HDP’s Choice: Political Struggle or Armed Campaign?

The HDP should not overestimate the Turkish state’s choice to leave the “political path” open. As the HDP embraces a louder affiliation with the PKK, counterterrorism measures might be hardened to hurt the party organization more seriously.

HDP s Choice Political Struggle or Armed Campaign
Jailed co-leader of the HDP, Figen Yuksekdag (L) delivers a speech in front of the jailed PKK leader Abdullah Ocalan in Ankara during the second general assembly of the party. ADEM ALTAN/AFP/Getty Images

HDP is adding new instances of embracing PKK terrorism to its long list. Most recently, Musa Farisogullari and Remziye Tosun, two HDP MPs from the city of Diyarbakir, attended the funeral of Mehmet Yakisir. Mehmet Yakisir was the PKK’s regional leader for Turkey’s Black Sea region. Further, he was leading the group who killed the 15-year-old teenager Eren Bulbul last summer. In the instance, Eren Bulbul had seen some suspects around his village in Macka, Trabzon and reached out to soldiers for a search. The hiding PKK group shot him dead together with Sergeant Ferhat Gedik while Bulbul was leading the way for the soldiers.

The regional leader of the PKK, Yakisir has quite a record of killings and other terror crimes in his resume. After a year-long search, Yakisir was killed by Turkish security forces in a counterterrorism operation last Sunday in the countryside of Gumushane. Yakisir’s burial ceremony, of course, was not missed by HDP members. Not surprisingly, an immediate investigation started for the HDP MPs who attended the funeral. MP Tosun, in response to the investigation, said that she does not recognize the investigation. HDP’s Diyarbakir office also embraced the act. The party’s provincial chairman Serif Camci said in his statement that “Tosun and Farisogullari are implementing a political struggle matching with the realities of our people.” He also stressed that he is proud of Tosun and Farisogullari’s participation to the ceremony.

“Political struggle” is the key part of Camci’s statement. The HDP, in practice and discourse, still positions itself as the political wing of the PKK’s armed campaign. The feelings are mutual as the PKK also treats the HDP in this way. At the end of the day, the HDP has very little autonomy other than following the PKK’s dictates in a number of issues from its leadership choice to the making of the MP lists and to its policy proposals and general political discourse. The party often, all the time to be accurate, whitewashes the PKK’s acts of terror and puts Turkey on the spot as the scapegoat.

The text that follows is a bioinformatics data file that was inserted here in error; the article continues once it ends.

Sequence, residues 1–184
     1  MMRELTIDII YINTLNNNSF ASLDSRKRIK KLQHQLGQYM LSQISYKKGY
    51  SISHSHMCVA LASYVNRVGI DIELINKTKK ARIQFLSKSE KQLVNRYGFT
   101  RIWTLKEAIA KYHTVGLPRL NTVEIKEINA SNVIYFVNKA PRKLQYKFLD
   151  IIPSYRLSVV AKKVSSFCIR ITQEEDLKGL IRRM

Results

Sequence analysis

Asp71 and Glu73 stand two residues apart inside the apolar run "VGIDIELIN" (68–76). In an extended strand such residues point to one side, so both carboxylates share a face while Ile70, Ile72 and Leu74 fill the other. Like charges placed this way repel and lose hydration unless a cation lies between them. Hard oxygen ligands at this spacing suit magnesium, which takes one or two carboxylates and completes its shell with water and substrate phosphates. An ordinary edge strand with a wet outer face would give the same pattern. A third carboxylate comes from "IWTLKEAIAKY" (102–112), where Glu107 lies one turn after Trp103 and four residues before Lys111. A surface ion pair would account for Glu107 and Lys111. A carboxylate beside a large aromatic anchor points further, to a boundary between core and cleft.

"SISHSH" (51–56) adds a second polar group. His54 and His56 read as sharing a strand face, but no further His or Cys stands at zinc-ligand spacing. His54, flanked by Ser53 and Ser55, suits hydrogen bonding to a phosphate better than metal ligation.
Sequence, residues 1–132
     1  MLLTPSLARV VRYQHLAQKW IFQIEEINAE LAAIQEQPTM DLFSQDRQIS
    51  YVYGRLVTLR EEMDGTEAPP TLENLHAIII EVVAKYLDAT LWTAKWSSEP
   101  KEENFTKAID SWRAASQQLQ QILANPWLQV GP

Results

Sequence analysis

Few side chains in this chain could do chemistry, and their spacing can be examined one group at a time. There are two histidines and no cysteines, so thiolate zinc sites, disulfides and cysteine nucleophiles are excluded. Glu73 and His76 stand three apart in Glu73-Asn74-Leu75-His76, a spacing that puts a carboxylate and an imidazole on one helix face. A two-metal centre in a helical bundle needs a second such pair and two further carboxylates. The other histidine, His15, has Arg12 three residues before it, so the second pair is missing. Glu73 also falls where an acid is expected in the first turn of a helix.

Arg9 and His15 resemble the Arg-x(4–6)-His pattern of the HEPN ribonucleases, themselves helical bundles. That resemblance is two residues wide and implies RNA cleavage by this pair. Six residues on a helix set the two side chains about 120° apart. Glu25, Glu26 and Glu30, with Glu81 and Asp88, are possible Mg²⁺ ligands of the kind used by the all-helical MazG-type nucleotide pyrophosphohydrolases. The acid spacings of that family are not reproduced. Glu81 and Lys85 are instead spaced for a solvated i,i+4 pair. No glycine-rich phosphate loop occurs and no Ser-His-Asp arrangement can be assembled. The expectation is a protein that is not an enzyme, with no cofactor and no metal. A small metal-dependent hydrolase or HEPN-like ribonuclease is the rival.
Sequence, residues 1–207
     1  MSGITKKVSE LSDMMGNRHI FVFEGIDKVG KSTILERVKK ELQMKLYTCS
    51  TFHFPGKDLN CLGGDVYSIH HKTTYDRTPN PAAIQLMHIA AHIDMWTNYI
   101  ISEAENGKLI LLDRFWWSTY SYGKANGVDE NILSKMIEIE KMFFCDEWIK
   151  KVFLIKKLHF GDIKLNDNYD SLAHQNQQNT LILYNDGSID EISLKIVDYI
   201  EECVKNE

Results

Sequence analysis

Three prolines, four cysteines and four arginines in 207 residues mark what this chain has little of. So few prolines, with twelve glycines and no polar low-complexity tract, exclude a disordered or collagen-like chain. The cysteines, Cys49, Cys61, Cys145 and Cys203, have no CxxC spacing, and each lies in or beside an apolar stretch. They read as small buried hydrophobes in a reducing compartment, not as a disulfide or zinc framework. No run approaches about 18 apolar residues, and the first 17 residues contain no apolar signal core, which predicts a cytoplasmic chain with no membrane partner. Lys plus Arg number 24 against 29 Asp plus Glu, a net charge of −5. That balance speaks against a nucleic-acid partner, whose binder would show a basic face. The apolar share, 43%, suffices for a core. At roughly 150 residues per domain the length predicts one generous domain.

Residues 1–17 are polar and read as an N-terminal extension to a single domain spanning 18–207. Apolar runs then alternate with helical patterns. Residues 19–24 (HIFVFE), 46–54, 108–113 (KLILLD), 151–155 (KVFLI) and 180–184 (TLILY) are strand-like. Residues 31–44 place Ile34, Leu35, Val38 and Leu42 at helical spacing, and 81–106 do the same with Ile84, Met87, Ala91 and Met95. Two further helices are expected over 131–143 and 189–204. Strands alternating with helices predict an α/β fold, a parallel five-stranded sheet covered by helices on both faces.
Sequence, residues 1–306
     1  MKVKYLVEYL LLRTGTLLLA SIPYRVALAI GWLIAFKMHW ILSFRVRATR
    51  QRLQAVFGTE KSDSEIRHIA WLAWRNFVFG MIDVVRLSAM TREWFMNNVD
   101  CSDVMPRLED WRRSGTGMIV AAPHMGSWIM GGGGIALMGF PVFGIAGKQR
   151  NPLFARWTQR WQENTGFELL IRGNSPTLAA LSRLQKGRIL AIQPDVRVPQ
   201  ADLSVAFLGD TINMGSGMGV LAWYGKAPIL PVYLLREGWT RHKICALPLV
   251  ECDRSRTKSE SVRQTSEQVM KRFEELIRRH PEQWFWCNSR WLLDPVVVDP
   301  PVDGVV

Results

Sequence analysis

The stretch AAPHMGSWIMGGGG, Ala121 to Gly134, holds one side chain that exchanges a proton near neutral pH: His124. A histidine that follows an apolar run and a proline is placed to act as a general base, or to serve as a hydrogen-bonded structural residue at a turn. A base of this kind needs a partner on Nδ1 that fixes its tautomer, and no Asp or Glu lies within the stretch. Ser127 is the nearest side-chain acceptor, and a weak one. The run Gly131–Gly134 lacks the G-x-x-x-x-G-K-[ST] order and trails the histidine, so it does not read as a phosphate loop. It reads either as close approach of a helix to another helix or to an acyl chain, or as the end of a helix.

The examples are too many but just to name two, the HDP constantly keeps blaming Turkish security forces for the partial demolition of Eastern towns such as Cizre, Nusaybin, and Sur where the PKK tried to start an urban war by planting bombs around and within these towns. The PKK planted the bombs, the PKK declared the urban “war,” yet the HDP managed to blame the Turkish security forces for awakening the PKK members from a dream of revolutionary urban war.

The number of political killings is on the rise as the PKK has increasingly targeted AK Party politicians of Kurdish origin in the region. More, the PKK continued to execute unarmed AK Party supporters in the region after the June 24 elections. Nevertheless, the HDP is very quiet on the killings of such civilians and never blames the PKK for its murders, which is quite problematic.

The HDP, in fact, crossed the line for a political party long ago. It functions as the political wing of the PKK. Yet, how come it is still not banned and can take place in parliament? From a pure legal perspective, such a party would be banned long ago in any Western democracy. However, decision makers in Turkey believe that the past closures did not stop the PKK to form new seemingly legal parties. Further, when the PKK loses its political wing, the organization propagates that armed campaign is the only available option to pursue its goals. Such a message was effectively used in the past by the PKK to widen its support base in southeastern Turkey.

Turkey has chosen to tolerate the political wing of a terror group. The HDP also seems to sense this choice and acts quite boldly. As for the PKK, it is a win-win game. It utilizes the HDP’s legal network for its propaganda and recruitment purposes. When the party goes through investigations and party members are arrested for terror related charges, it is still not a loss for the PKK. At the end of the day, the arrested HDP members allow the PKK to build a story of victimhood.

Despite the HDP’s misuse of its legal network, the Turkish state does not ban the party. Ankara allows the party to function but ensures that individuals are investigated when needed. HDP members who are affiliated with the PKK or show open support to the PKK go through investigations and spend long terms in jail if found guilty. The message is clear, you can still do politics in the ranks of the HDP as long as you can keep yourself from out of the PKK circle. Nevertheless, the HDP should not overestimate the Turkish state’s choice to leave the “political path” open. As the HDP embraces a louder affiliation with the PKK, counterterrorism measures might be hardened to hurt the party organization more severely.

Hüseyin Alptekin
Hüseyin Alptekin is Assistant Professor at Istanbul Şehir University and researcher at SETA. He received his PhD degree from the University of Texas at Austin in 2014. Among his academic interests are comparative political institutions, ethnic politics, nationalism, politics of Turkey, and the Middle East. His research has been published, among others, in Ethnic and Racial Studies, Mediterranean Politics, Nationalism and Ethnic Politics, Afro Eurasian Studies, Insight Turkey, and Wiley-Blackwell Encyclopedia of Political Thought.